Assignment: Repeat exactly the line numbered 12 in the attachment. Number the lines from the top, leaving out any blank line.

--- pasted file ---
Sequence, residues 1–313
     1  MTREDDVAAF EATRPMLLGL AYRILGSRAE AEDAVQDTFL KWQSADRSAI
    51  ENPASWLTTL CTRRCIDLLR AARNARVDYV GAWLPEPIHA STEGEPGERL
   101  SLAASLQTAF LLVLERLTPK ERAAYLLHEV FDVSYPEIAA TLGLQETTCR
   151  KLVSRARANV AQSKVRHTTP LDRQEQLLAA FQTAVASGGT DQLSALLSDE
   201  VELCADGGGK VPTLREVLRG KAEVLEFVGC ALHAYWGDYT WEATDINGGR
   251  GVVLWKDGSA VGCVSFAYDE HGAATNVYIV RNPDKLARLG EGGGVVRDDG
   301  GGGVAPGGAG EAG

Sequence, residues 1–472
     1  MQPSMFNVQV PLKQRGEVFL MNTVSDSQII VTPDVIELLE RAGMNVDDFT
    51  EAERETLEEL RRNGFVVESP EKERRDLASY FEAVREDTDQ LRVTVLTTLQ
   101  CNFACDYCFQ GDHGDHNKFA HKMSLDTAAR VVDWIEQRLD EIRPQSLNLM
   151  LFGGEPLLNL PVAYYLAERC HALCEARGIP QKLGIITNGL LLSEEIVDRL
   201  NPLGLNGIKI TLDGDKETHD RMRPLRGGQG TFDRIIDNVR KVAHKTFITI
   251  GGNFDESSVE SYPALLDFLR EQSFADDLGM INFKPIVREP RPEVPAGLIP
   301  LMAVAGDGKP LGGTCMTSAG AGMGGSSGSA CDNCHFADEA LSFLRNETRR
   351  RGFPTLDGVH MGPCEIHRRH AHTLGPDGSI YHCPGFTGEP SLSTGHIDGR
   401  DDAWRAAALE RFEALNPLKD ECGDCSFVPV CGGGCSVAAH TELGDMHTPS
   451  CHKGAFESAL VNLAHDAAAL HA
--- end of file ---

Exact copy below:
   101  CNFACDYCFQ GDHGDHNKFA HKMSLDTAAR VVDWIEQRLD EIRPQSLNLM